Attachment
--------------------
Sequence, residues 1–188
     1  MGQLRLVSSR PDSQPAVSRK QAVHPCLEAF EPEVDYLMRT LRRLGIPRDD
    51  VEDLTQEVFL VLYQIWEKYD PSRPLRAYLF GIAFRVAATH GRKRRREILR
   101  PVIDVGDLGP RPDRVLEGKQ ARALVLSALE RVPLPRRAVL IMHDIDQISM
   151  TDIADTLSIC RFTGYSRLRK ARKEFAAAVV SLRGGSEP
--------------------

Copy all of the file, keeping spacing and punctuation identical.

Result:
Sequence, residues 1–188
     1  MGQLRLVSSR PDSQPAVSRK QAVHPCLEAF EPEVDYLMRT LRRLGIPRDD
    51  VEDLTQEVFL VLYQIWEKYD PSRPLRAYLF GIAFRVAATH GRKRRREILR
   101  PVIDVGDLGP RPDRVLEGKQ ARALVLSALE RVPLPRRAVL IMHDIDQISM
   151  TDIADTLSIC RFTGYSRLRK ARKEFAAAVV SLRGGSEP